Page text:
Journal of Emergencies, Trauma, and Shock
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ORIGINAL ARTICLE Table of Contents   
Year : 2010  |  Volume : 3  |  Issue : 2  |  Page : 115-117
Evaluating emergency ultrasound training in India


1 All India Institute of Medical Sciences, JPN Apex Trauma Center, New Delhi, India
2 Department of Emergency Medicine, University of South Florida, Tampa General Hospital, Tampa, FL, USA
3 Department of Emergency Medicine, Kings County Hospital Center/SUNY Downstate, Brooklyn, NY, USA

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Date of Submission17-Nov-2008
Date of Acceptance20-May-2009
Date of Web Publication31-Mar-2010
 

   Abstract 

Background : In countries with fully developed emergency medicine systems, emergency ultrasound (EUS) plays an important role in the assessment and treatment of critically ill patients. Methods : The authors sought to introduce EUS to a group of doctors working in the emergency departments (EDs) in India through an intensive 4-day adult and pediatric ultrasound course held at the Apex Trauma Center and EM division of the All India Institute of Medical Sciences in New Delhi. The workshop was evaluated with a survey questionnaire and a hands-on practical test. The questionnaire was designed to assess the current state of EUS in India's EDs, and to identify potential barriers to the incorporation of EUS into current EM practice. The EUS course consisted of a general introductory didactic session followed by pediatric, abdominal and trauma, cardiothoracic, obstetrical and gynecologic, and vascular modules. Each module had a didactic session followed by hands-on applications with live models and/or simulators. A post-course survey questionnaire was given to the participants, and there was a practical test on the final day of the course. The ultrasound images taken by the participants were digitally recorded, and were subsequently graded for their accuracy by independent observers, residency, and/or fellowship trained in EUS. Results : There were a total of 42 participants who completed the workshop and took the practical examination; 32 participants filled in the course evaluation survey. Twenty-four (75%) participants had no prior experience with EUS, 5 (16%) had some experience, and 3 (9%) had significant experience. During the practical examination, 38 of 42 participants (90%) were able to identify Morison's pouch on the focused abdominal sonography for trauma (FAST) examination, and 32 (76%) were able to obtain a parasternal long axis cardiac view and identify the left ventricle. The inferior vena cava was identified as it crosses the diaphragm into the right atrium by 20 (48%) participants. All participants felt they would be able to incorporate what they had learned into their practice, and indicated that they were advocates for further training of non-radiologist clinicians in the use of ED ultrasound. Conclusion : After this introductory workshop in EUS, the participants were comfortable in their ability to use the ultrasound machine. Participants deemed it particularly useful for certain ED applications, particularly the FAST examination, the lung examination, and vascular access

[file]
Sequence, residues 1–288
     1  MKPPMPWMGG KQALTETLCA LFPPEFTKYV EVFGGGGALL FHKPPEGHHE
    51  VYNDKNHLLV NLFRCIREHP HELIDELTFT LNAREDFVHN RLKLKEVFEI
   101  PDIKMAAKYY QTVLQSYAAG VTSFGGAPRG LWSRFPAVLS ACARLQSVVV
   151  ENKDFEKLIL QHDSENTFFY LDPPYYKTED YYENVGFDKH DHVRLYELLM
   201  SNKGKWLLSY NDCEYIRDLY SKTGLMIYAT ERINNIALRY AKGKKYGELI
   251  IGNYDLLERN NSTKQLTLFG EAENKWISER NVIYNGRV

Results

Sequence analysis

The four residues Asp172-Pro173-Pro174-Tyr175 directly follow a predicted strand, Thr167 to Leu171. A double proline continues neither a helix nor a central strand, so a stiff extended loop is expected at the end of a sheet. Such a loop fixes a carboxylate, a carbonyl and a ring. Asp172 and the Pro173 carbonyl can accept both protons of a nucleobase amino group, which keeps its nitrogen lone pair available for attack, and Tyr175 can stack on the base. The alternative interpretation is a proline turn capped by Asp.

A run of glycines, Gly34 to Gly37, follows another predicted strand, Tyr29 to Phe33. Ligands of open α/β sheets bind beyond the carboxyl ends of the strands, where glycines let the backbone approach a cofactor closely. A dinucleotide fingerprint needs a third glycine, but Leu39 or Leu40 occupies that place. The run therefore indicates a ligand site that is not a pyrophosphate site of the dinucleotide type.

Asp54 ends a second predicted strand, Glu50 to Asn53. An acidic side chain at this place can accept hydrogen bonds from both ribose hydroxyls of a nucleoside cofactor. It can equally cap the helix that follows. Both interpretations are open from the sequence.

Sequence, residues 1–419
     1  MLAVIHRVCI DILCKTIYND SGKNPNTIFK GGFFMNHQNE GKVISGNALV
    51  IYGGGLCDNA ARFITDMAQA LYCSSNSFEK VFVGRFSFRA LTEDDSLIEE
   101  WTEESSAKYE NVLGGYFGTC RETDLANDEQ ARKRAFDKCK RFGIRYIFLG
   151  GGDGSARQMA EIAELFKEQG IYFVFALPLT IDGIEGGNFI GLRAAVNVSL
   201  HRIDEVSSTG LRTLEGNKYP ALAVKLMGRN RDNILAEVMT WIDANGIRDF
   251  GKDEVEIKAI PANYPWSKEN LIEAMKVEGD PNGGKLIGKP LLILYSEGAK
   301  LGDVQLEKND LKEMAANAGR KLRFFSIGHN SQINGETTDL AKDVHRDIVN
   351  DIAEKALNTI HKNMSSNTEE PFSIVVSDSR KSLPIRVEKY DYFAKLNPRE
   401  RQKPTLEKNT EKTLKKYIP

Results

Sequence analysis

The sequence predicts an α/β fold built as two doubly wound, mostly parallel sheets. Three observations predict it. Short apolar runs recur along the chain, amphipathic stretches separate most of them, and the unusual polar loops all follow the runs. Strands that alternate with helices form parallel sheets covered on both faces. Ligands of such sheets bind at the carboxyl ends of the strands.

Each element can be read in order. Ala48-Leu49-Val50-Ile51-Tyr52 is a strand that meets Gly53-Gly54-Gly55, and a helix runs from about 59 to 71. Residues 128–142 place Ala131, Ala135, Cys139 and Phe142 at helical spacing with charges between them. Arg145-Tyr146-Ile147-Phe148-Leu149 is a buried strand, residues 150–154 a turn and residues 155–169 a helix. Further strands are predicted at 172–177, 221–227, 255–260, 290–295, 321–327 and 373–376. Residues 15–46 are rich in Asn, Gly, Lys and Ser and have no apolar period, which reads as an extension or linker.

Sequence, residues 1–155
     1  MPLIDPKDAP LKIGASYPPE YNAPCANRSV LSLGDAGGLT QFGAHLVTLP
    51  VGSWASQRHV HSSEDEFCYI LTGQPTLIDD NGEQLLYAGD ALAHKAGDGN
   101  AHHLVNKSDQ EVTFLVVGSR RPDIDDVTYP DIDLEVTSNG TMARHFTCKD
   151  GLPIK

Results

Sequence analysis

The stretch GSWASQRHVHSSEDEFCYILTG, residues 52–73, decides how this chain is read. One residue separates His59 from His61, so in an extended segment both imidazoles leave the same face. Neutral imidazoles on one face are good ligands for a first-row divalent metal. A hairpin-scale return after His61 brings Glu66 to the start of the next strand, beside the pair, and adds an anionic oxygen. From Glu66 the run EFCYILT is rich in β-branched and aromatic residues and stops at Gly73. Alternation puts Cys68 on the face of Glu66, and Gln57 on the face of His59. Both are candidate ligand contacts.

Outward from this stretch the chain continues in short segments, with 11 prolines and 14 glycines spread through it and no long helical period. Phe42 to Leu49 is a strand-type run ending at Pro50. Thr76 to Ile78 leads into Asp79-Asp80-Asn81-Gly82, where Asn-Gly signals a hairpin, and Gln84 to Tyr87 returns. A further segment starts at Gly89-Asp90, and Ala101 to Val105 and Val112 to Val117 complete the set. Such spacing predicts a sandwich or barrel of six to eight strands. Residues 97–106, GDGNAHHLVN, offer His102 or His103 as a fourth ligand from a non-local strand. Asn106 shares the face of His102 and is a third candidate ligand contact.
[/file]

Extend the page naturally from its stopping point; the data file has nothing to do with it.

.

Keywords: Ultrasound, emergency medicine, India, training

How to cite this article:
Gupta A, Peckler B, Stone MB, Secko M, Murmu L R, Aggarwal P, Galwankar S, Bhoi S. Evaluating emergency ultrasound training in India. J Emerg Trauma Shock 2010;3:115-7

How to cite this URL:
Gupta A, Peckler B, Stone MB, Secko M, Murmu L R, Aggarwal P, Galwankar S, Bhoi S. Evaluating emergency ultrasound training in India. J Emerg Trauma Shock [serial online] 2010 [cited 2019 May 25];3:115-7. Available from: http://www.onlinejets.org/text.asp?2010/3/2/115/62104



   Introduction Top


India is a developing country which is rapidly evolving and modernizing its emergency medical care. Emergency Medicine (EM) as a distinct academic specialty with residency programs recognized by the Medical Council of India (MCI) does not exist in India, but efforts are being made to initiate such residency programs at various institutions. Currently the emergency departments (EDs) are run by designated casualty medical officers (CMOs), or in a teaching hospital by the senior and junior residents of different specialties such as Internal Medicine, Surgery, and Orthopedics. In countries with fully developed EM systems, emergency ultrasound (EUS) is a critical component of EM practice. [1],[2],[3],[4],[5] The use of ultrasound by nonradiologist clinicians is not a new phenomenon in India. The specialties of Obstetrics and Gynecology, Cardiology, and Gastroenterology already use ultrasound as a diagnostic and therapeutic tool, and ultrasound training is an integral part of these residency programs. It is also an ideal resource for the emergency physicians as it is relatively inexpensive, portable, repeatable, delivers no ionizing radiation, and can be used by the treating clinicians immediately at the point of care. [6] In the practice of EM, this reduces the time taken to reach a critical diagnosis as the ultrasound can be done at the bedside by the emergency clinician. [7],[8],[9],[10],[11] In India's developing EM system, imaging modalities such as computed tomography (CT), magnetic resonance imaging (MRI), and even traditional technician-performed ultrasound examinations are often not immediately available. EUS helps the treating clinician to diagnose a vast array of emergent conditions immediately at the point-of-care, thus facilitating the rapid diagnosis and treatment of critically ill patients. Introducing emergency clinicians in India to the concept of EUS would, therefore, be of great benefit to the overall quality of care delivered in the ED. The authors sought to introduce EUS to a group of doctors working in EDs in India through a 4-day intensive adult and pediatric ultrasound course held at the Apex Trauma Center and EM division of the All India Institute of Medical Sciences (AIIMS) in New Delhi.